Science Day

Science day opening

Science Day was the third day of the 2011 Bushfire CRC and AFAC annual conference in Sydney.

Proceedings from this day are published below.

News from the Event

The formal proceedings of the Science Day held as part of the Bushfire CRC and AFAC 2011 Conference in Sydney are now available. These papers have been anonymously reviewed and published as formal proceedings.
More than 250 people attended the Science Day,the third day of the 2011 Bushfire CRC and AFAC annual conference in Sydney.

Other Resources

Pages 297-306  Warning Fatigue what is it and why does it matter from 2011 Science Day Proceedings

Research Stream Presentations

CRC Author Author Download
Balancing competing values in natural resource management
Jose Torero Ignition of Solid Fuels and the Modelling of Forest Fires
Mike Fromm The Incredible Impact of Pyrocumulonimbus Storms From the Ground to the Stratosphere
Stream 1 -Fire Behaviour and Fire Weather
CRC Author Author Download
Sarah HarrisMusa Kilinc Establishing a link between the power of fire and community loss: the first step towards developing a bushfire severity scale
Assessing Potential House Losses using PHOENIX RapidFire
Atypical bushfire spread driven by the interaction of terrain and extreme fire weather
Hakilo SabitAdnan Al-Anbuky Distributed weather data stream mining for bushfire hazard prediction: wireless sensor network application
Nic GellieKelsy GibosBrian PotterTony Bannister Extreme Fire Processes on Black Saturday, 7th February 2009
Paul Fox-Hughes Progress in understanding springtime fire weather in Tasmania
Rethinking Fire from the Ground Up
Brian Potter Something in the Air: Looking at the Black Saturday fires from an atmospheric energy perspective
Stream 2 - Operations
CRC Author Author Download
Matthew Thomas Madeline Sprajcer Designing valid and relevant training and testing scenarios for industry
Rachel Bessell Developing an Operational Grassland Curing System
Essential aspects of effective simulation-based training for incident management personnel
Kevin NetoSarah JefferiesWarren PayneNeil Brooksbank Frequency, intensity, speed and duration of tasks performed by australian rural firefighters during bushfire suppression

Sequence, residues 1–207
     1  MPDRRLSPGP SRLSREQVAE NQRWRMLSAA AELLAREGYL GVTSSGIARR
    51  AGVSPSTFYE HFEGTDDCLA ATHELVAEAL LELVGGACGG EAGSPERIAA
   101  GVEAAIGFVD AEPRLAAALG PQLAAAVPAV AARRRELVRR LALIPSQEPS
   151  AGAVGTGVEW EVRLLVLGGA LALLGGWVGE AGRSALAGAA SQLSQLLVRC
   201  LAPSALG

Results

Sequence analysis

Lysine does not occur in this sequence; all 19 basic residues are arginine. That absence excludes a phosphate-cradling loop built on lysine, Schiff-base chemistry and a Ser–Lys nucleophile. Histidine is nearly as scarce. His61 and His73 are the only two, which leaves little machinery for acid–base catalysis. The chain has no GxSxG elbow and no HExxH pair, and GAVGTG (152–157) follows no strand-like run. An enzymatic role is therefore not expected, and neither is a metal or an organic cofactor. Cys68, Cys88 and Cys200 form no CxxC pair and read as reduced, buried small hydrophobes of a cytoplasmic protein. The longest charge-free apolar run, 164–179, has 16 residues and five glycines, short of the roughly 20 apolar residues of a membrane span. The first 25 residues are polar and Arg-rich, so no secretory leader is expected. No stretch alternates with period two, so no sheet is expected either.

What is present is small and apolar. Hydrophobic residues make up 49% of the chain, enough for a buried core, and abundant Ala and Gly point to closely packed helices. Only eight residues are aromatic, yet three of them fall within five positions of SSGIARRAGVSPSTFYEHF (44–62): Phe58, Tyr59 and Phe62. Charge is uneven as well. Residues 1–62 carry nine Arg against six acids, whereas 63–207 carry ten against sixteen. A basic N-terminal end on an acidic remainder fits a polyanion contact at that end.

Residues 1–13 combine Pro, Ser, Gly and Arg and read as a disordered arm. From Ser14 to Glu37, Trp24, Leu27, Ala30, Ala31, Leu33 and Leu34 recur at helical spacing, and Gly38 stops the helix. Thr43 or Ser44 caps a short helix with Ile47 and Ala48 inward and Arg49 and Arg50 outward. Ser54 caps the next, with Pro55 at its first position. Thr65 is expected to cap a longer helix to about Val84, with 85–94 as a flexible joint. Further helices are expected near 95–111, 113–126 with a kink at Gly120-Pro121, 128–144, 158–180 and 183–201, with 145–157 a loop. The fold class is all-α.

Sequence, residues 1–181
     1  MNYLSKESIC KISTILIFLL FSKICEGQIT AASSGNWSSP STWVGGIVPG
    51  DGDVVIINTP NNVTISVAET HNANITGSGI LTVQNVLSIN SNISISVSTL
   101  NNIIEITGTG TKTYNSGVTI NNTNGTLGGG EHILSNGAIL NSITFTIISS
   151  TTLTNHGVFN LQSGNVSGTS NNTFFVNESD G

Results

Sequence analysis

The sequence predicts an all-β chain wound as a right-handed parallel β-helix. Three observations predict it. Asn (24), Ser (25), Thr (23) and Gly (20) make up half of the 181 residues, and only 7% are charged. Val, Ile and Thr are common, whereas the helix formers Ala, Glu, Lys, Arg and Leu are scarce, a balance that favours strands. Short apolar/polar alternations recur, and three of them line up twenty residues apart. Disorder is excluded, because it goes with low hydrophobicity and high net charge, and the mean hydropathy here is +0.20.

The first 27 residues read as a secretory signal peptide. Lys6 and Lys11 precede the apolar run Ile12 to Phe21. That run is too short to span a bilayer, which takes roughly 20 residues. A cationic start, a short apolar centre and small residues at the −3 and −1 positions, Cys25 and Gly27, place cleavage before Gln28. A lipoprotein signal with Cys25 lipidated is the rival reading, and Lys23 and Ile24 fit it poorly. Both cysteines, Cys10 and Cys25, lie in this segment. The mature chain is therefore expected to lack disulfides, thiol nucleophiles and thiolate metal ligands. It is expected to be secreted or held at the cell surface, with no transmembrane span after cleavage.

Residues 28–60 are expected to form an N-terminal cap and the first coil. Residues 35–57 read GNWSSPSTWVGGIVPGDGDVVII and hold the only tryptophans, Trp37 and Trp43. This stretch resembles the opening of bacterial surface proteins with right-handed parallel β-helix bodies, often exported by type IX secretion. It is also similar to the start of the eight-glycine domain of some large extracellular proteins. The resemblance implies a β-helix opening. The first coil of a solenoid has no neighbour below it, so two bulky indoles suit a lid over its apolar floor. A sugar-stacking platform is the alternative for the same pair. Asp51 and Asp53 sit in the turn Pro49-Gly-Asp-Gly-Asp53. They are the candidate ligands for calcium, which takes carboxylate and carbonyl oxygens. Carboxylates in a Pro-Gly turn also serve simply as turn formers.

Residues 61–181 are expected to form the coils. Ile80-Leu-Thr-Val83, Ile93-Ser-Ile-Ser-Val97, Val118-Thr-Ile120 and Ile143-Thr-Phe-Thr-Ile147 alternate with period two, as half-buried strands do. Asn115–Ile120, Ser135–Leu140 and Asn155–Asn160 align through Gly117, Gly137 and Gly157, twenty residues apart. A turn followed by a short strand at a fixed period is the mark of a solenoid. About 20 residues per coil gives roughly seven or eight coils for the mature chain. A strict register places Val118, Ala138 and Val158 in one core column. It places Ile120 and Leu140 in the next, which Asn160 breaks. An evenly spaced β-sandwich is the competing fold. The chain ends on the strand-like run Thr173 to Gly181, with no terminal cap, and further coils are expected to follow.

Sarah JefferiesRod SnowAaron PetersenJack Harvey Prescribed fluid consumption and its effects on the physiology and work behaviour of Australian bushfire fighters.
Greg Roach Sustained operations mode: a novel strategy for managing fatigue during extended firefighting operations
The changing nature of emergency management coordination
Hakilo SabitAdnan Al-Anbuky μScale Forest Fire Weather Index: A Wireless Sensor Network Architecture for Complementing the existing FWI System
Stream 3 - Land Management
CRC Author Author Download
Michael Grose Bushfire conditions under a warming climate – the value of regional climate modelling
Liz Tasker Fire Regimes and Vegetation in the Greater Blue Mountains World Heritage Area
Vic Jurskis Human fire maintains a balance of nature
Integrated decision support model for fuel management and suppression preparedness planning
Mapping fire severity from satellite imagery for greenhouse gas emissions calculations, conservation management and operational use
Owen Jones Predicting post-fire erosion under variable fire regimes
The dirt on assessing post-fire erosion
Jane Cawson The effect of prescribed fire severity & burn patchiness on runoff & erosion
Stream 4 - Community Safety & Social Science
CRC Author Author Download
Leanne KellyKarli Riesborough Capturing Community Members’ Bushfire Experiences: The Lake Clifton (WA) Fire
Co-constructing bushfire: Trust, Memory and Landscape on a ‘Code Red’ day
Lisa LangerSophie Hide Effectiveness of rural fire danger warnings to New Zealand communities
Mainstreaming emergency management into law
Researching impact of social networks on information flow in fire-risk communities
The Complex Network within Bushfire Investigation Strategy
Turning Good Intentions into Actions: Human Decision Making and Behaviour in the Face of Threat
Warning Fatigue: what is it and why does it matter?